Well, the problem comes from several sources. Jack Halpern and Jouni Kerman, also of The CJK Dictionary Institute, explain this in a conference paper reproduced at http://www.cjk.org/cjk/c2c/c2centry.htm. For one thing, the PRC simplifications are not entirely consistent. Some TC correspond to the same simplified form. For example, both TC (mian4, face) and TC (mian4, noodles) map to SC , that is, it is a one-to-many, ambiguous relation.


Moreover, vocabulary in the PRC and other Chinese-speaking countries has diverged significantly since the Communist regime took over in 1949. The result of replacing simplified characters with the original traditional characters can be meaningless. The correct TC equivalent for an SC word may not be a matter of character-based code substitution (code conversion) or character-based word substitution, called orthographic conversion (like colour vs. color in British and American English), but often requires meaning-based word translation, called lexemic conversion (like truck vs. lorry).  The problem is particularly acute for computer technology and proper nouns. For example, Internet is written 因特网 in SC and 網際網路 in TC, while Osama bin Ladin  is written as shown below (see http://www.cjk.org/cjk/c2c/c2centry.htm for a detailed paper).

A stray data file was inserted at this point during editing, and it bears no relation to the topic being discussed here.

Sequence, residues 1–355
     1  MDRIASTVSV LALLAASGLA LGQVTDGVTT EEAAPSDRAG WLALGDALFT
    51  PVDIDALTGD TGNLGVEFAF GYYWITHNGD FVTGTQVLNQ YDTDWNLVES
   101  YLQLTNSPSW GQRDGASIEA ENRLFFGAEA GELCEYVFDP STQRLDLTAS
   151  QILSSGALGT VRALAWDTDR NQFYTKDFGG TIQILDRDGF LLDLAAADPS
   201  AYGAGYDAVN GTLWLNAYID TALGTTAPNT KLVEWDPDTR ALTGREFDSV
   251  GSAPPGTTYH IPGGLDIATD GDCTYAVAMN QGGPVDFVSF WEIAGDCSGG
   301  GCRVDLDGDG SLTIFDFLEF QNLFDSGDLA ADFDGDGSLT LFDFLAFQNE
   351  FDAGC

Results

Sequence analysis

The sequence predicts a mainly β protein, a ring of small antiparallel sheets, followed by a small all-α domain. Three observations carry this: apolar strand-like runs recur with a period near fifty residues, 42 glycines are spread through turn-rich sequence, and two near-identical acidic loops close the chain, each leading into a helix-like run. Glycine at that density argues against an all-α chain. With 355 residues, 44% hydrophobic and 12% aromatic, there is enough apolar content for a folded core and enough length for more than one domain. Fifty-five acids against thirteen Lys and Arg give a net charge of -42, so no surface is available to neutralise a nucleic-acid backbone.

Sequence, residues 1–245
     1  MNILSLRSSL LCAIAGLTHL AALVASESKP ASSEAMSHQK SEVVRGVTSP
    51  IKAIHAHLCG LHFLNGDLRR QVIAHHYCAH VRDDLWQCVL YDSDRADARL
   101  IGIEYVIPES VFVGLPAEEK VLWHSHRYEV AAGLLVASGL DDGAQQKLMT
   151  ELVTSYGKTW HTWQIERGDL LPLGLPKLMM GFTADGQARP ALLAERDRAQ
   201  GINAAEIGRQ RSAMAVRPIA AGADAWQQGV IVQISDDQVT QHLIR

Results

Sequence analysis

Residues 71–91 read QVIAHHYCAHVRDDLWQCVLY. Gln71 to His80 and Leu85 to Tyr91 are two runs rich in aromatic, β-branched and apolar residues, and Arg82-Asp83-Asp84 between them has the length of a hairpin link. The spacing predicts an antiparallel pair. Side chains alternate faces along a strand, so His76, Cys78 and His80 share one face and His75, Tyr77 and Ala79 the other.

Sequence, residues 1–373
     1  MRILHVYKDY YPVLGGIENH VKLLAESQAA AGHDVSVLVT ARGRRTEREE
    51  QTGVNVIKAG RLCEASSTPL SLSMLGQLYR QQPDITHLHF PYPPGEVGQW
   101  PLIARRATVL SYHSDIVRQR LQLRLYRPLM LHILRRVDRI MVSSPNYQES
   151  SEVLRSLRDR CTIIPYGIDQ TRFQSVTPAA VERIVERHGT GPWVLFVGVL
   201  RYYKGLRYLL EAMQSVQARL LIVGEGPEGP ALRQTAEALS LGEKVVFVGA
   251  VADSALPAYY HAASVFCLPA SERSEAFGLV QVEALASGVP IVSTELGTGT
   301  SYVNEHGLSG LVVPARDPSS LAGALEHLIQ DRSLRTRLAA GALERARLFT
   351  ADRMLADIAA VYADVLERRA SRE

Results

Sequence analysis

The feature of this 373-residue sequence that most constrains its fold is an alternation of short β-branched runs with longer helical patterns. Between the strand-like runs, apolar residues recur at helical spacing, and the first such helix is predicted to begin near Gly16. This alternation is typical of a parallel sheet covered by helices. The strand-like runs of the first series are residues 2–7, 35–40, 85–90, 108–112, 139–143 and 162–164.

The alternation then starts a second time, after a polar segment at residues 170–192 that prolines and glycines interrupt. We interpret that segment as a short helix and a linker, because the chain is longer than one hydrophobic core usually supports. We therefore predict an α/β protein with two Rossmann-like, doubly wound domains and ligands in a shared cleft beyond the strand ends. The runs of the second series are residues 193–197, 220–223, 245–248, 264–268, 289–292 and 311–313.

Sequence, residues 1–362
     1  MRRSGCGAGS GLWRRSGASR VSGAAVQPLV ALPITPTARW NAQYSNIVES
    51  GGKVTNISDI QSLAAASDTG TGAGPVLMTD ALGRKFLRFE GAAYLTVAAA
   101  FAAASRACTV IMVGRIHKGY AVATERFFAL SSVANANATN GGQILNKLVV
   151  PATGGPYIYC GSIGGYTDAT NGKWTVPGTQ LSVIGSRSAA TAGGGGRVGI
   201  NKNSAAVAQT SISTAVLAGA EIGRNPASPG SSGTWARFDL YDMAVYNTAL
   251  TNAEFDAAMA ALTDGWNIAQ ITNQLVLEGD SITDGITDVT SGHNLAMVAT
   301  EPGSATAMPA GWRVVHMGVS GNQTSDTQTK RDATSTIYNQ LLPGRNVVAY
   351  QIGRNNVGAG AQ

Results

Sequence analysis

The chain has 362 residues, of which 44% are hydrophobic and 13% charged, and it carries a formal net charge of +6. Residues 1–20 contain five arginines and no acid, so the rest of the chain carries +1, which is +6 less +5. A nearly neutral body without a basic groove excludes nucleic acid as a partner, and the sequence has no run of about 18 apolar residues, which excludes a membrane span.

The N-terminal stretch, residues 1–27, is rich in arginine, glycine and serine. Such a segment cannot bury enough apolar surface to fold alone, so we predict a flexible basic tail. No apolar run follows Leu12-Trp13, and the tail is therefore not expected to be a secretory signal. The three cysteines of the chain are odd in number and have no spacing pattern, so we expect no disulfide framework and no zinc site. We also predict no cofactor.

Osama bin Ladin




أسامة بن لادن

SC (Mainland)


TC (Taiwan)


TC (Hong Kong)



CJK Lexical Data

The foundation for Halpern’s dictionaries and for his larger business is his massive accumulation of lexical data in Chinese, Japanese, and Korean. Halpern licenses portions of this data for use in dictionaries, commercial software products, and free software. These databases are highly regarded for both academic and commercial uses. The China Lexicographic Society at Guangdong University of Foreign Studies has written, “We were deeply impressed by the high linguistic standards of [Halpern’s] work and his profound knowledge of Chinese linguistics and lexicography. We were especially impressed with the technical and linguistic sophistication of the dictionaries and systems the [CJKI] Institute developed for converting between Simplified and Traditional Chinese.”